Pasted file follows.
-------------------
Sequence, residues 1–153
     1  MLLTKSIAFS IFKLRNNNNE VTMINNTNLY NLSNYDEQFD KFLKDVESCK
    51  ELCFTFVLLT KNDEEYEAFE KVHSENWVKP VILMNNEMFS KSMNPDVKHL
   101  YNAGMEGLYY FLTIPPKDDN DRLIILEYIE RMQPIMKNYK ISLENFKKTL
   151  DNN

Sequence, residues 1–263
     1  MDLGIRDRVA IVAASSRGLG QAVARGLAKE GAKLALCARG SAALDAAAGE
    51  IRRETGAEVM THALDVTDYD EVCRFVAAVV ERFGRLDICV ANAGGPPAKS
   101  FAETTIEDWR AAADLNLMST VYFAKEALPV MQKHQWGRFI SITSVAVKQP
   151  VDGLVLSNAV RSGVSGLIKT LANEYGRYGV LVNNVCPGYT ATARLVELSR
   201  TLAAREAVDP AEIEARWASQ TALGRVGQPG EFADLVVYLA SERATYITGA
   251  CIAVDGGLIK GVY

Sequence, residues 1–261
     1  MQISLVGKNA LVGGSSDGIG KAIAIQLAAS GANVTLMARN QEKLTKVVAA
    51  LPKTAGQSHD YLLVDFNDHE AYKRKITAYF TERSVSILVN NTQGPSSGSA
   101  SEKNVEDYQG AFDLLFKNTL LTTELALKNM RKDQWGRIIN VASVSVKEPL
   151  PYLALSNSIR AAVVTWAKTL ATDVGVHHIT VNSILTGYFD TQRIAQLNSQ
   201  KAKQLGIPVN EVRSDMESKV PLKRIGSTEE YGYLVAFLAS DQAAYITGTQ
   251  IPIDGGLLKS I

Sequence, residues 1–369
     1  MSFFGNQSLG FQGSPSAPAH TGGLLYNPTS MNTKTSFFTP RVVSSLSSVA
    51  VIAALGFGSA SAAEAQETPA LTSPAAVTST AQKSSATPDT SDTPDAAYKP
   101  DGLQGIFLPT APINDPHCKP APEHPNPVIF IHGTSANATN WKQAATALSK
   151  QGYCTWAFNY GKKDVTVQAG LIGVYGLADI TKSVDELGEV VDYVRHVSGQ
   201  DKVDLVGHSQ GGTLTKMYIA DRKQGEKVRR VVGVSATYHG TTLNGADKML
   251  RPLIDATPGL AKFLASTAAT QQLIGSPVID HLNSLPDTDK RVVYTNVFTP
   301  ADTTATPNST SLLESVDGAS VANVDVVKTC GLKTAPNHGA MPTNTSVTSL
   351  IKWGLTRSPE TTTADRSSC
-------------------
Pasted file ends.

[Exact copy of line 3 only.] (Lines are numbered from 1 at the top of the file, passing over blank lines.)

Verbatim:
    51  ELCFTFVLLT KNDEEYEAFE KVHSENWVKP VILMNNEMFS KSMNPDVKHL